• Valerie Coleman-Page, is assistant professor of performance, chamber music, and entrepreneurship at the Frost School of Music. She is an internationally acclaimed, Grammy® nominated flutist, composer and entrepreneur. As part of a recent residency at the University of Louisville, she brought the Stamps Distinguished Fellows Woodwind Quintet senior class for their very first tour, where they visited and performed at top high school music programs and performed live on radio and television, allowing them to use their long studied repertory in the professional field. She also engaged students to interact with world class musicians from the Philadelphia Orchestra in a series of recording sessions via zoom, allowing them to view the entire process of professional efficiency, from the rehearsals to recording in as few takes as possible.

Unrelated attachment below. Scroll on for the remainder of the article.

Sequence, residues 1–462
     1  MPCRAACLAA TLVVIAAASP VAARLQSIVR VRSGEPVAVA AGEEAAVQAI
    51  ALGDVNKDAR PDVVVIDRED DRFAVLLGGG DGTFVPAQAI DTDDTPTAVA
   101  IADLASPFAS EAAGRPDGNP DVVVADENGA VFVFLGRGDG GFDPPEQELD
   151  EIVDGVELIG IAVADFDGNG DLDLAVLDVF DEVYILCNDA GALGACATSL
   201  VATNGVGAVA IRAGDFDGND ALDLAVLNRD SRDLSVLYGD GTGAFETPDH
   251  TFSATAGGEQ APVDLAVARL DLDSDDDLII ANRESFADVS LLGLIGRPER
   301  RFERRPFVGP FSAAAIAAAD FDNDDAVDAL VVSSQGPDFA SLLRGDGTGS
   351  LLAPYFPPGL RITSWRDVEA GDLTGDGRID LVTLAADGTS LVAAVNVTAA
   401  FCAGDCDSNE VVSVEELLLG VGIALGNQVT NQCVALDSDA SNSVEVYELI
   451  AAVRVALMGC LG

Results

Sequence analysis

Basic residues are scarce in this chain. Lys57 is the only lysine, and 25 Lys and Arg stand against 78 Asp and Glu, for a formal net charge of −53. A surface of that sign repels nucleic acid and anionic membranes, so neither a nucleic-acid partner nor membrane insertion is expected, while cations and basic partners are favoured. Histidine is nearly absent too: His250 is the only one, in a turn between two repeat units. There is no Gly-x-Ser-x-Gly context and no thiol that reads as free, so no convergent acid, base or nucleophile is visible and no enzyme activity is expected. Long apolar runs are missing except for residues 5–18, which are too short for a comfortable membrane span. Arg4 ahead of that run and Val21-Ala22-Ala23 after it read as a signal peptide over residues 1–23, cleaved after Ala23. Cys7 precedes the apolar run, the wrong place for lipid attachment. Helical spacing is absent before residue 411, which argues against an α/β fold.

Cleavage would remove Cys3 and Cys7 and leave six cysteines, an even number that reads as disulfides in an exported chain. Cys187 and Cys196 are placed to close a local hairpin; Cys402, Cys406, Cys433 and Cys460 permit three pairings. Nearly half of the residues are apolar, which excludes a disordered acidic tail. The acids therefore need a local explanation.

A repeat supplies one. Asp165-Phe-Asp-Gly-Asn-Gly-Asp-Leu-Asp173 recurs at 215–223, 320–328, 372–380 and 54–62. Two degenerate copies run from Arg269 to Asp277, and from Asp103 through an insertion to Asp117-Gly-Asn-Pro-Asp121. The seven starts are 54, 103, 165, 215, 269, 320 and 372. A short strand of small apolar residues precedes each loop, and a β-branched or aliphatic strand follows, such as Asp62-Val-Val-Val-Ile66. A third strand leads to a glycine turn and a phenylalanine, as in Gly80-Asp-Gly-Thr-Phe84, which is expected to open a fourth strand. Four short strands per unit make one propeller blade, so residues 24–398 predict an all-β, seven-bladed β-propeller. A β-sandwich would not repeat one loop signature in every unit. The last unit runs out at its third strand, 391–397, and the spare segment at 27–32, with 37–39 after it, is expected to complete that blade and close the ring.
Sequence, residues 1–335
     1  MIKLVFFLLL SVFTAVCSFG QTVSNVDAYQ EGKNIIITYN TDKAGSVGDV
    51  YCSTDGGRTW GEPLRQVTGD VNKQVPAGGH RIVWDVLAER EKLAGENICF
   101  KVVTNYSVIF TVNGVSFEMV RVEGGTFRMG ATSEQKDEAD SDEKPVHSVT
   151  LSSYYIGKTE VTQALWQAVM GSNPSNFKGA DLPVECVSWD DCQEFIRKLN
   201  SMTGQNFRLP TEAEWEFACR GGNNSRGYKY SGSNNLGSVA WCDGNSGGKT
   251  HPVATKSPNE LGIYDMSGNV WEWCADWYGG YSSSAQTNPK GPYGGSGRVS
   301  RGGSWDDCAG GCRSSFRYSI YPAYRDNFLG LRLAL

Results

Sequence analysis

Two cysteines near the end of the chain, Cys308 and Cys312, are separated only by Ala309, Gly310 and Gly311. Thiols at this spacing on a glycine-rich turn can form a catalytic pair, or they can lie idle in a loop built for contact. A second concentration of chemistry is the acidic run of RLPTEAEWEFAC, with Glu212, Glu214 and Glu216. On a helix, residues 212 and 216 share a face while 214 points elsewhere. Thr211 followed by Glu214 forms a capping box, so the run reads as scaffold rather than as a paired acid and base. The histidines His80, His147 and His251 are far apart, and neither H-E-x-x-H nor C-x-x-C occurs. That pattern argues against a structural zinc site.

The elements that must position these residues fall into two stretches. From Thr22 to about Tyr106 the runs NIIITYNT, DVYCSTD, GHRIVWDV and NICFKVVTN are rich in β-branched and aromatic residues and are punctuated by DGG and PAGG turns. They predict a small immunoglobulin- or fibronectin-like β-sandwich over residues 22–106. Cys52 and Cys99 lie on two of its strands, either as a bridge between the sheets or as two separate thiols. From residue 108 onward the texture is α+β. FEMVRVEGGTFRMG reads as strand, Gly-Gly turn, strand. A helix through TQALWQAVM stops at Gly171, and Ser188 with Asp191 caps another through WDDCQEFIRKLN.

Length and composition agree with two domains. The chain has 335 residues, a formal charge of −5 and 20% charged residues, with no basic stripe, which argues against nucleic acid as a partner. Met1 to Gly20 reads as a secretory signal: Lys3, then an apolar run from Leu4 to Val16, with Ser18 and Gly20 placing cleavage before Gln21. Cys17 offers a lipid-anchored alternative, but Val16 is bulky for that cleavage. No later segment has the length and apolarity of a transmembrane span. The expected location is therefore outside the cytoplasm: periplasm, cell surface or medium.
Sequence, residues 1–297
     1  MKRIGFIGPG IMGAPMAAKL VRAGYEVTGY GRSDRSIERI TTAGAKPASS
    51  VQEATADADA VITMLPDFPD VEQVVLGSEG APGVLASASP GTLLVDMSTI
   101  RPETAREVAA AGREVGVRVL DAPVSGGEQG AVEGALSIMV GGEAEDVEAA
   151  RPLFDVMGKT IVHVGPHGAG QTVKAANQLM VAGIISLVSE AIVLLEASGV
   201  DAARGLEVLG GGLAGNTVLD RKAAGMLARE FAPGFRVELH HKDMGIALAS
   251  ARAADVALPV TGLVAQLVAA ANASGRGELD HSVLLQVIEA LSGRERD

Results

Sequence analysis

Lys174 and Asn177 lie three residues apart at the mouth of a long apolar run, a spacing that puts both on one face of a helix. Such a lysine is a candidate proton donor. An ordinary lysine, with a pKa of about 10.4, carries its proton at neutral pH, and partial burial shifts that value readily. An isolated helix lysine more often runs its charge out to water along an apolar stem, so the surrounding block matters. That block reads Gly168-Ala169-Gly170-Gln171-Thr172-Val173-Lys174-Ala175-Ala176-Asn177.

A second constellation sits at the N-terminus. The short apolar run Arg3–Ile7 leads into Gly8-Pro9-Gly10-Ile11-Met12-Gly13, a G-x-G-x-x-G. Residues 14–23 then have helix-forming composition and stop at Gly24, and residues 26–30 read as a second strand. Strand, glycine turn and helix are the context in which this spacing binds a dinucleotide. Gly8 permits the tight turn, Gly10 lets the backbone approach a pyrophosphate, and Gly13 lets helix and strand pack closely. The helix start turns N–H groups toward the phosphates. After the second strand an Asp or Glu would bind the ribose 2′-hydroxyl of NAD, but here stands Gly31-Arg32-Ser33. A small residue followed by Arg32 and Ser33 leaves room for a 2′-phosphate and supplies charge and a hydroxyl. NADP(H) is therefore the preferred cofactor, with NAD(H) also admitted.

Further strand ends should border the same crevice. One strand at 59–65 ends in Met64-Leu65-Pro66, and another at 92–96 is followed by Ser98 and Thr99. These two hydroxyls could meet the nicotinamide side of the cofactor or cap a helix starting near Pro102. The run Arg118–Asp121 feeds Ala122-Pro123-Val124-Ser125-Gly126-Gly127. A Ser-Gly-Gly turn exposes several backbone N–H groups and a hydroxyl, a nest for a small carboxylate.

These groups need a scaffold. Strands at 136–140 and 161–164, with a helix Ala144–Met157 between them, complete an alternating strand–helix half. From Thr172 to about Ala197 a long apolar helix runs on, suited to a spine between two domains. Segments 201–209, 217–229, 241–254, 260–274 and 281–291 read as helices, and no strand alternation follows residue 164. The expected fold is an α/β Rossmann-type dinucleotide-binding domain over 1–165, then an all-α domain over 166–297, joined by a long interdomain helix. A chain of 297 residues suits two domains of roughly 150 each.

• Rebecca Sharpless, is professor of law and the founding director of the Immigration Clinic at the School of Law. She teaches immigration law and researches and writes in the areas of immigration law, progressive lawyering, and the intersection of immigration and criminal law. Through their work with the Immigration Clinic, students engage in advocacy and litigation on behalf of immigrants and represent people facing deportation. Her teaching outside the Immigration Clinic is infused with experiential learning. She brings her experience as an immigration lawyer and litigator into the classroom through case examples, guest speakers involved in immigration policy work, organizing, and litigation, and other events that promote the human rights of migrants.